Every so often, we encounter someone who truly inspires us and redefines our perceptions. Recently, that person was a remarkable 12-year-old junior diver named Evy.

When we learned that a junior diver would be joining us for a double reef dive, we meticulously planned the day to ensure a safe and memorable experience. Our team focused on reducing the diver-to-guide ratio, considering the experience level of each group, and selecting the best and safest dive sites. We left no stone unturned, ensuring our most experienced team members were on hand to provide the highest level of care and attention.

Dive Day

The dive day arrived, and we were all set. Meeting Evy, we were instantly impressed by her maturity and independence. She confidently sorted her equipment and engaged in deep conversations, showcasing her profound love and knowledge of the ocean.

Our first dive was a shallow, easy dive with excellent visibility. Evy displayed impeccable buoyancy and trim, demonstrating her awareness of her surroundings and adherence to reef-safe practices. She returned to the boat after an hour with 120 bar left in her tank, a textbook performance that showed her proficiency.

Convinced of her capabilities, we proceeded to a more challenging dive: a spectacular coral wall drift dive at 16 meters. As expected, Evy conducted herself like a seasoned diver with over a thousand dives, maintaining depth at the safety stop and surfacing with 110 bar left. Her exceptional performance left us in awe.

Evy’s Story

However, what truly stole our hearts was what we learned on our journey back to shore. Not only is Evy an incredibly talented young diver, but she has also overcome significant challenges to get where she is today. With her and her parents’ permission, we are delighted to share a little interview with Evy, hoping it will inspire others.

Evy was diagnosed with a learning difficulty called Dysgraphia.

Interview with Evy:

Evy, how did you get into diving?

“I have always loved the ocean because I grew up with it at my doorstep. And I have always loved marine creatures like sharks, octopus and mantis shrimp. I have so many books about the ocean and love watching documentaries. So I asked Mum and Dad if I could learn to scuba dive for my 11th birthday.”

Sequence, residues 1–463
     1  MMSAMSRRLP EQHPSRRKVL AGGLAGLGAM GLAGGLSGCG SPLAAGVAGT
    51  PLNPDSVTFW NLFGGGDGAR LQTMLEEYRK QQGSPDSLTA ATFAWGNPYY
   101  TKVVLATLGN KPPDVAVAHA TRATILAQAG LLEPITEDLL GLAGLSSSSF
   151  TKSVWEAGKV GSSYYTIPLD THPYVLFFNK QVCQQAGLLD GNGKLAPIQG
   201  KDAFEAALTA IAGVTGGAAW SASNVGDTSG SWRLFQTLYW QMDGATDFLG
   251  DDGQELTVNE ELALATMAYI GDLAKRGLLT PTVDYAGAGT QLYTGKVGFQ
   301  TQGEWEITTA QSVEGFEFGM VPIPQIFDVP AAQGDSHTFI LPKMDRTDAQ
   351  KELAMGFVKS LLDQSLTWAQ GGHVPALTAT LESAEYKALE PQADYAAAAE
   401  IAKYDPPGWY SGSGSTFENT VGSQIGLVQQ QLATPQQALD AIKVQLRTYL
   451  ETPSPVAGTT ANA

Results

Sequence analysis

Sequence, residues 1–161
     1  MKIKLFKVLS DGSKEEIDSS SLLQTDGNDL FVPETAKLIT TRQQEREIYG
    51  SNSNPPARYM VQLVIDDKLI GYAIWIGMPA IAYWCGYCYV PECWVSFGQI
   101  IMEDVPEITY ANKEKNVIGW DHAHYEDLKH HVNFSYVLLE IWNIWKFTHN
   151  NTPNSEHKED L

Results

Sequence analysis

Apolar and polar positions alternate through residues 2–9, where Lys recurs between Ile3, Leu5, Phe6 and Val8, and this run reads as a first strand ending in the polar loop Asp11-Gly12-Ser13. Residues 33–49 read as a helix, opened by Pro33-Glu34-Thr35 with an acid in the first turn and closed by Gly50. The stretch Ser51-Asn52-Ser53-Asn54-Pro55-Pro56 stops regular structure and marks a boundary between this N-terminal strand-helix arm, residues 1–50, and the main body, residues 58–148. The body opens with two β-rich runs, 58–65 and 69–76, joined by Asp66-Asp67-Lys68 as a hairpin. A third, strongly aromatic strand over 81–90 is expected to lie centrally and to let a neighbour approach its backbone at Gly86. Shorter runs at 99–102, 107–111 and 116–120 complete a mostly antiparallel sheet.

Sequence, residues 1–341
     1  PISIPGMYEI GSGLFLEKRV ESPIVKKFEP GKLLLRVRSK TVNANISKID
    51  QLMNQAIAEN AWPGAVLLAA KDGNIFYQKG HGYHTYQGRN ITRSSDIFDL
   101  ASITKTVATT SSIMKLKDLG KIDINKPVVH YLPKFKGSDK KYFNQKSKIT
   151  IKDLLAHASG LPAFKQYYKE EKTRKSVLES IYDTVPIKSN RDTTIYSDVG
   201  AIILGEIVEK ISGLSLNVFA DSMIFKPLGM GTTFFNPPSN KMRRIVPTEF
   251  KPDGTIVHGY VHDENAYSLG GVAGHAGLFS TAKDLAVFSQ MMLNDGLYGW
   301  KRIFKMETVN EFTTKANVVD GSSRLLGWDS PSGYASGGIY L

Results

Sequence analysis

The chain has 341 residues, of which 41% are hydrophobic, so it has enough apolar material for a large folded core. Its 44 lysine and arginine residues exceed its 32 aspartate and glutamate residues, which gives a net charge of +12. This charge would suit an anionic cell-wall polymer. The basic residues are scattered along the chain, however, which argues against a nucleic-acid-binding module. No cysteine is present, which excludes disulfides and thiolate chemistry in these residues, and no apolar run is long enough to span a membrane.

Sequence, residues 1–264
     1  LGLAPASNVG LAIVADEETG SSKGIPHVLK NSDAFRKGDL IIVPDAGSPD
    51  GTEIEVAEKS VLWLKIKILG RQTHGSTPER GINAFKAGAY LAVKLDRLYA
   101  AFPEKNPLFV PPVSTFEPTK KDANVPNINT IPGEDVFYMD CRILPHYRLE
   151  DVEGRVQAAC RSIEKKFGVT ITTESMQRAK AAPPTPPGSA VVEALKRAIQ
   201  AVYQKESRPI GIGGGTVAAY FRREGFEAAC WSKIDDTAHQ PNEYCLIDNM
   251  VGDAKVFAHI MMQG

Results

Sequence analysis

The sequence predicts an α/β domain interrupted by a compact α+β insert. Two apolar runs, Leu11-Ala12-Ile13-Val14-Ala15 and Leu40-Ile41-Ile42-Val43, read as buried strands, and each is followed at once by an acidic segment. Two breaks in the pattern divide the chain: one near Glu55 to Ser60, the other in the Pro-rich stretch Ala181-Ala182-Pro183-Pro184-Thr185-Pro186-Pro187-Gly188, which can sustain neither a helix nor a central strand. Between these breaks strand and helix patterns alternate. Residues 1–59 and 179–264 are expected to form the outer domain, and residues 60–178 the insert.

Have you developed any unique skills or adaptations that helped you in diving and dive training?

“I learn best by seeing and doing, rather than reading and writing. Having someone show me first, then letting me do it, means I learn new skills much more quickly. Using videos for the study portions when doing certifications helps me a lot, as does being able to do the tests online.  I’ve learnt to type very fast because writing is extremely difficult for me.  I need help from Mum and Dad or a dive buddy to complete forms and fill out my logbooks which I also hate and wish there were other options to do this, but I know it’s important to have my logbook in paper form if I’m ever diving somewhere remote and they don’t have internet. Communicating underwater can be hard if people are using slates or collecting data – using hand signals is much easier for me.  If I can use tally marks or images I can tick – then I can participate, but otherwise I can’t which at times I find frustrating.  I also find myself concentrating really hard when I’m setting up and unpacking my dive equipment so that I don’t miss a step or mess up…but that might be because I’m a kid and I worry people don’t think I shouldn’t be there with the adults or I’m not good enough to be a diver.  For me, one of the advantages of my dysgraphia is that I have really strong verbal reasoning and vocabulary (among other things) so most other divers are surprised that even though I’m a kid I can have really interesting conversations and discussions about the dives I’ve been on and the wildlife I’ve encountered.  My memory for facts is also really great so that helps too.”